We're happy to do any of these workshops below—or workshops on other topics—for any group of 5 or more faculty. Just contact Doug Hesse at firstname.lastname@example.org or 1-7447.
2013 Institute for Experienced FSEM and ASEM Faculty Writing Across the Curriculum: Current Research and Best Practices
June 17, 19, and 21—with homework
$1000 honorarium for participants
The University of Denver Writing Program invites DU faculty from all departments to participate in a week-long institute on student writing in content courses. Our focus will be on writing in general education courses such as FSEM and ASEM. The Institute, which will be led by Doug Hesse and other writing program faculty, is open to any DU professor who has taught FSEM or ASEM in the past two years and who plans to teach either course again in 2013-14.
Participants will read selected current research and teaching practice in writing across the curriculum. They'll meet three times, three hours each meeting, to discuss readings, discuss their courses and matters related to writing in FSEM and ASEM, and share work in progress. And they'll complete a brief writing project (about 5 pages) related to their course or to a topic related to student writing.
Participants who complete all elements will receive an honorarium of $1000 paid July 1.
2013 Workshop for New FSEM Faculty: Assigning and Responding to Student Writing
Wednesday and Friday, June 12 and June 14, 9:00 am to noon
Chan Classroom, Anderson Academic Commons
$500 stipend for completion
Led by Doug Hesse, Executive Director of Writing
- How can writing foster learning in FSEM?
- How can I respond to writing effectively AND efficiently?
- What are qualities of good—and bad—assignments?
- What writing abilities do DU students bring from high school?
- How does writing develop during the college years?
- What are—and aren't—reasonable roles for disciplinary faculty when it comes to student writing?
- What happens in WRIT classes after FSEM?
The Writing Program is sponsoring a two-day workshop to address these and related questions. We invite FSEM faculty who have not previously attended an ASEM or and FSEM workshop to attend. Because space and budget is limited, I'll give top priority to faculty who are teaching FSEM for the first time in fall 2013. However, if space is available after those interests are met, I'm happy to include veteran professors. I'll ask participants to compete brief readings before the first meeting and to complete a brief writing (drafting one or more writing assignments) before the second meeting. Participants will receive $500 upon completing the workshop.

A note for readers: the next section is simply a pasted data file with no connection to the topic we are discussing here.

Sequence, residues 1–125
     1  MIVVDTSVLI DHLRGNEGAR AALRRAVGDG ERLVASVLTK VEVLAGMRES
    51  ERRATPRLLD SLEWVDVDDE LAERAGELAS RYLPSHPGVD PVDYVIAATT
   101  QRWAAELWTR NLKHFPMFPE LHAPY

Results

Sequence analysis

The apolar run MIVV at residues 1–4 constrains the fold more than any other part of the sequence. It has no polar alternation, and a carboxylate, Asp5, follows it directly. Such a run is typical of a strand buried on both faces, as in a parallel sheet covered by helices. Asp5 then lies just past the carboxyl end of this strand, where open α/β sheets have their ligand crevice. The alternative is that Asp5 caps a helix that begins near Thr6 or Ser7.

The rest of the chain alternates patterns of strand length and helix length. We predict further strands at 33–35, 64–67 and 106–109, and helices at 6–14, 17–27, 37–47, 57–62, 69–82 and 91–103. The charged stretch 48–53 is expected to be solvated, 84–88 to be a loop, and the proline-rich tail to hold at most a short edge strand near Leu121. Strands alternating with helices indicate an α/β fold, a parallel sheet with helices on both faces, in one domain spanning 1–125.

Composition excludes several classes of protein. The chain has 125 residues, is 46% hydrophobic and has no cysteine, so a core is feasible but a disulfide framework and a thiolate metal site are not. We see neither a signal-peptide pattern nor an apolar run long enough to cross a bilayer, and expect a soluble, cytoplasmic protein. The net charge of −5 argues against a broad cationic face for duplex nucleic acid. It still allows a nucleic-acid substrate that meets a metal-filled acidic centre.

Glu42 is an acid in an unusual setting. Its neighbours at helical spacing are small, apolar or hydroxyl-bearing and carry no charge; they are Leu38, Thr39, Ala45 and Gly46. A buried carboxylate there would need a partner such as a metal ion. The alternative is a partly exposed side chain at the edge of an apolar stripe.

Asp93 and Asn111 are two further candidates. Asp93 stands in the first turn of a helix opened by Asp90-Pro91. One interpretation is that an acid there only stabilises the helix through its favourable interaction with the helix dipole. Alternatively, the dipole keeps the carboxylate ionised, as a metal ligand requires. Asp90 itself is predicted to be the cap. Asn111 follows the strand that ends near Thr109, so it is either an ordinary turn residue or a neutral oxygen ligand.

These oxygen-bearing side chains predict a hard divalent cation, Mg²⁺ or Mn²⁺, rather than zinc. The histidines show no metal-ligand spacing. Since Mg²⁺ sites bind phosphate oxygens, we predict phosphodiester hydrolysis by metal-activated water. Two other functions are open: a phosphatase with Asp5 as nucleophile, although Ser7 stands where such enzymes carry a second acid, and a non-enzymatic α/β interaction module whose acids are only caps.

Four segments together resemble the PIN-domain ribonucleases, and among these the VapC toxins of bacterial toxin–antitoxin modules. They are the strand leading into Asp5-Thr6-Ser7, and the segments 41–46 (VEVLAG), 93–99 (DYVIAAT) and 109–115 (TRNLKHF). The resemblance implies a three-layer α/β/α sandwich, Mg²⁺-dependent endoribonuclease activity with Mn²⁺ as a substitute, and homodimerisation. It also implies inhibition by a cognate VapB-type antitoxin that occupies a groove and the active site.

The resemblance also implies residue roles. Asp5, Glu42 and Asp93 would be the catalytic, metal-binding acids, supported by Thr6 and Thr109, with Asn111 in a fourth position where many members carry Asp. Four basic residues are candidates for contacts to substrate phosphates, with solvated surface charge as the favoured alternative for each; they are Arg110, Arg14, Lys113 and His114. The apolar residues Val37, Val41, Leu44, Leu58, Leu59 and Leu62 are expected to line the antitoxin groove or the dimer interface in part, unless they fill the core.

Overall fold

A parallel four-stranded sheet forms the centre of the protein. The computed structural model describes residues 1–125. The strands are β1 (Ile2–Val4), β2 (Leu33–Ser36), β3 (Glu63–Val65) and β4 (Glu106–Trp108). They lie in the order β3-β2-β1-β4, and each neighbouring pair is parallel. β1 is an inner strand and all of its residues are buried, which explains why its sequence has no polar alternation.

To indicate your interest, by June 1 please send a quick email to Amy Kho. In the email, please include
- your contact information,
- the title of the FSEM you're offering in fall,
- a note about how many times you've taught FSEM previously,
- and a note about whether you've previously completed an FSEM or ASEM workshop (and, if so, how long ago).
The Writing Lunch: Quick Teaching Advice For Busy Profs
In 55 minutes.
The Writing Program will offer four 55-minute informal workshops, each of them twice. Our format will be pizza and fruit at noon, followed by a 15-minute presentation of practical advice (accompanied by handouts or resources), then 25 minutes for questions or discussion. All workshops will be held in the Nelson Hall Private Dining Room.
Responding to Writing While Saving Some Weekend
You assign a paper with a heavy heart, fearing that you've just simultaneously sentenced yourself to a weekend of grading. But not necessarily. This workshop focuses on responding effectively but efficiently.
Tuesday, October 9, 2013, noon – 12:55 p.m.
Repeated on Friday, October 19, 2013, noon – 12:55 p.m.
Getting Students Beyond Drive-by Quotations and Haphazard Summary
So you've made an assignment that requires analyzing or synthesizing sources, but several students are unable to do anything substantial with the readings beyond stringing together summaries or quotations. What do you do? We'll provide some practical advice for helping students do more than haphazardly cite or share glib opinions.
Wednesday, October 17, 2013, noon – 12:55 p.m.
Repeated on Tuesday, October 30, 2013, noon – 12:55 p.m.
What Students Like Best about—and Learn Most from—Writing Experiences
Our five-year longitudinal research on 60 DU undergraduates yielded interesting findings about writing experiences they found most valuable. For example, "easy" doesn't necessarily equal "good" in their minds. We'll share some findings with you.
Tuesday, October 23, 2013, noon – 12:55 p.m.
Repeated on Friday, November 2, 2013, noon – 12:55 p.m.
Multimodal Writing Assignments: Beyond 12-Point Double Spaced Times
Traditional academic papers are the bread and butter of college writing, but they aren't the only kinds of assignments faculty might make to further teaching and learning goals. This workshop will present some ideas for incorporating visual or other elements in assignments, perhaps in pieces meant to be published digitally.
Wednesday, October 31, 2013, noon – 12:55 p.m.
Repeated on Thursday, November 8, 2013, noon – 12:55 p.m.